Despite an enormous jump in the number of COVID cases in the Virgin Islands, the governor did not shut down beaches, but he did impose new restrictions on restaurants, bars, travelers, and Crucian Carnival festivities.
A decision on opening schools on Jan. 10, as previously announced, will be made during the week by the Health and Education Departments, according to Gov. Albert Bryan, Jr.
After a conference call with President Joe Biden, Dr. Anthony Fauci, Biden’s chief medical advisor, and the other U.S. governors earlier Monday, Bryan pleaded again with residents to follow coronavirus precautions during the weekly Government House briefing Monday.
“With everything we know now, this is a highly contagious variant, the Omicron variant, and it is spreading worldwide. The evidence is clear it is here, among us in the territory, whether it has been verified or not,” Bryan said.
In just a week, the active cases have spiked from 72 to 544, with a positivity rate of six percent compared to 1.6 percent on Dec. 21. Bryan said the recovery rate recently has been faster, and the hospitalization rate is half what it was last year.
“If you think you have a cold, you probably have COVID. Stay home,” he said. “If you feel you have been exposed, just stay home. If you feel sick, that’s a different story – get tested.”
Bryan announced that government workers, who can work remotely, will work from home until Jan. 10 to stop the spread.
Also effective immediately, restaurants and bars will give last call at 11 p.m. and close by midnight, mainly because “our police are exhausted,” he said.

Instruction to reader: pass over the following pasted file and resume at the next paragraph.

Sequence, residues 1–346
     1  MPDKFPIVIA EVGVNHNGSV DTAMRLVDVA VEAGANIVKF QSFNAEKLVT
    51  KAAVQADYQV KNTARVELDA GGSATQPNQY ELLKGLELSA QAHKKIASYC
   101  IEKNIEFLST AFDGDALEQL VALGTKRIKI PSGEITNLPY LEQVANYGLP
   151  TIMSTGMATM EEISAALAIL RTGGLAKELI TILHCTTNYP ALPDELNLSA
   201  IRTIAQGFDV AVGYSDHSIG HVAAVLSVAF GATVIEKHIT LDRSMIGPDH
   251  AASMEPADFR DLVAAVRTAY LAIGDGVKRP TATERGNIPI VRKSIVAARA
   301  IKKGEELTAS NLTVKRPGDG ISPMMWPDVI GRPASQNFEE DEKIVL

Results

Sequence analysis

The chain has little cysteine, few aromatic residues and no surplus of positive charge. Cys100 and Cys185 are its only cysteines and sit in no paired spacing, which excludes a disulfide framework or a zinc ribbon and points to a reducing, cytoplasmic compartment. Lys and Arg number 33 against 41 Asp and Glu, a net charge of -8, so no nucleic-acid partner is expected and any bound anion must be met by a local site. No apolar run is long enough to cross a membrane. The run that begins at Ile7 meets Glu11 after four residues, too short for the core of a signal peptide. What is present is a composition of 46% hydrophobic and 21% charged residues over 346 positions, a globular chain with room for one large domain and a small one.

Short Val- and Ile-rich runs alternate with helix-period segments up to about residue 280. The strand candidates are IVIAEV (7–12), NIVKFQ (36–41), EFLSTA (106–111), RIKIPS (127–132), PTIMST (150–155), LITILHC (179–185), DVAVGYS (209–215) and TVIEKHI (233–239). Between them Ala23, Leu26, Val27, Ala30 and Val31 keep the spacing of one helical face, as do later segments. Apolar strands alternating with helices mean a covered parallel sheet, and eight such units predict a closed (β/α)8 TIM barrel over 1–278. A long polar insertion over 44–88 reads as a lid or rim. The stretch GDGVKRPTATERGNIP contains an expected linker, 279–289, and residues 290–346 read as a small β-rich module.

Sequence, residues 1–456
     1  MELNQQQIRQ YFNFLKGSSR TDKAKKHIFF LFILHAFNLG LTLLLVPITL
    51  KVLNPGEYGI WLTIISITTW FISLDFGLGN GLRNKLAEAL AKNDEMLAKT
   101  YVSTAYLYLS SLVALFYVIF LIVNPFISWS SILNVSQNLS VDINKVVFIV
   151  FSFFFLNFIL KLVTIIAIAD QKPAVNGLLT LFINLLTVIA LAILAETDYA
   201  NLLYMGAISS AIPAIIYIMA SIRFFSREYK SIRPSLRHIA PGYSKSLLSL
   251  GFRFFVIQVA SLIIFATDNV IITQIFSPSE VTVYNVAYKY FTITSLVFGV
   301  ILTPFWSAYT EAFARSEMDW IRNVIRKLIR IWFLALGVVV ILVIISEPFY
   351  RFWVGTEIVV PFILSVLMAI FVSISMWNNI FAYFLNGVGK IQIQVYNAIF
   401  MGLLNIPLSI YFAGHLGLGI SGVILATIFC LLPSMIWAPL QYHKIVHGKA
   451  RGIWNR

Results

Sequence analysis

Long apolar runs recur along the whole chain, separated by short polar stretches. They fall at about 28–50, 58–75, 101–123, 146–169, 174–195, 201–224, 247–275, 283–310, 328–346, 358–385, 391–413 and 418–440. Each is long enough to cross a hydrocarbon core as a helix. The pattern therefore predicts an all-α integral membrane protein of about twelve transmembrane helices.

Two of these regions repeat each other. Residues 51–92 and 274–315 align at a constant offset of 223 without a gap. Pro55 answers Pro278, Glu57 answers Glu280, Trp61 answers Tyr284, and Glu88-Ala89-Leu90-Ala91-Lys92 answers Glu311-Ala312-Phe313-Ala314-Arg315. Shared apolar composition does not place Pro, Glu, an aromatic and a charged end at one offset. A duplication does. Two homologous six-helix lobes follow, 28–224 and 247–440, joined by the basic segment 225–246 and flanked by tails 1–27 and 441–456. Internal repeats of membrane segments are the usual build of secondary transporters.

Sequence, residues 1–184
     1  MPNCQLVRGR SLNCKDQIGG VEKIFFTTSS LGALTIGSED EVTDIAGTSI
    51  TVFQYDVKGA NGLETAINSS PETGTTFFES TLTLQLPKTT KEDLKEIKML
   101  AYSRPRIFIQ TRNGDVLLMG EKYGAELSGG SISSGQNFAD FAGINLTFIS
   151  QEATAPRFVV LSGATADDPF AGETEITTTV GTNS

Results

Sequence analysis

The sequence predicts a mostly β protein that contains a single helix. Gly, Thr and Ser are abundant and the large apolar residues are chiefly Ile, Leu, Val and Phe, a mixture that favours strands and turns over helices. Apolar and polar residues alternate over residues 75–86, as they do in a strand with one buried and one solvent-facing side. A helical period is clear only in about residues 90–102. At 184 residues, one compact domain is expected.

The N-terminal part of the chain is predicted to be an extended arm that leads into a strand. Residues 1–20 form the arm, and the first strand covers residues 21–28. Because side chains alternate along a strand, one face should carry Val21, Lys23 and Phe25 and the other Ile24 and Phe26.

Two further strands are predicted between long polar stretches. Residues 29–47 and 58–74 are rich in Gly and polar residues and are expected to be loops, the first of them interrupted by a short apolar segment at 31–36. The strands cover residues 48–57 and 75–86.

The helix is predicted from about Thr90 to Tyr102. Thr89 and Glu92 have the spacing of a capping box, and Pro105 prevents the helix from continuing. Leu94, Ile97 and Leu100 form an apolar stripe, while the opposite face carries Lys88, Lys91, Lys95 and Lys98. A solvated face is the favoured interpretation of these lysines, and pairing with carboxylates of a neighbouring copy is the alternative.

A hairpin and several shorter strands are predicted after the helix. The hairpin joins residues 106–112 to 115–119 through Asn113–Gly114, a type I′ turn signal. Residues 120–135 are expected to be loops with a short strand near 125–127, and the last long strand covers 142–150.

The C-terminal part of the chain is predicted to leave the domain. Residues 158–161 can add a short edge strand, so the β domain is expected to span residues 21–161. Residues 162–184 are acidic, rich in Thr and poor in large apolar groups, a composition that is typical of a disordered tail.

For New Year’s Eve, restaurants and bars will be allowed to give a last call at 1 a.m. and close the establishment at 2 a.m.
“If we have to close you down, we’ll close you down for 30 days, ” he warned.
Bryan crushed Crucians by announcing the cancellation of the few Crucian Carnival events on Jan. 4, 5, 6 that had been approved earlier.
“We cannot have people walking around at the fair, interacting,” he said.
The governor said this surge is expected to last another month, with numbers increasing, and perhaps some festivities will be re-scheduled in February. At the end of the briefing, he promised: “some kinda fete” for St. Croix.
New restrictions for travelers begin on Jan. 3 and will continue until Feb. 3. However, everyone will be required to show a negative COVID test within 72 hours whether they are vaccinated or not, Bryan said.
Over the weekend, two cruise ships were turned away from the territory – a memorandum of understanding allows the VI to close the port with an infection rate over one percent. Two ships had 1.2 and 1.9 infection rates and were refused dockage.
Adding statistics to warnings, Commissioner Encarnacion broke down the COVID numbers as of Dec. 26. St. Croix has 240 infections, St. Thomas has 296, and there are eight cases on St. John. The Juan F. Luis Hospital has one COVID patient, and there are three admissions in the Schneider Regional Medical Center. Due to the spiraling numbers territory-wide, both facilities have restricted all in-person visitors.
There have been 88 deaths throughout the territory, but none since Omicron has been suspected, according to Encarnacion. The stateside testing site at Yale University has been closed for two weeks, so Omicron hasn’t been verified. The “signs and symptoms show we are dealing with Omicron,” Encarnacion said, adding that more than 80 test results from CDC are expected any day.
Monoclonal antibodies are being given to those who are infected, and the new oral medication, Pfizer’s Paxlovid, has been ordered, she added.
Free testing continues on St. Croix by calling 340-712-6299 and 340-776-1518 for St. Thomas and St. John. Tests can be scheduled online at: covid19usvi.com/testing.
Vaccinations are also free and can be scheduled at 340-77-8227 or covid19usvi.com/vaccines.
“It is more crucial than ever to practice social distancing,” Encarnacion said, adding to wear a mask, use hand sanitizer, get a vaccine and stay at home.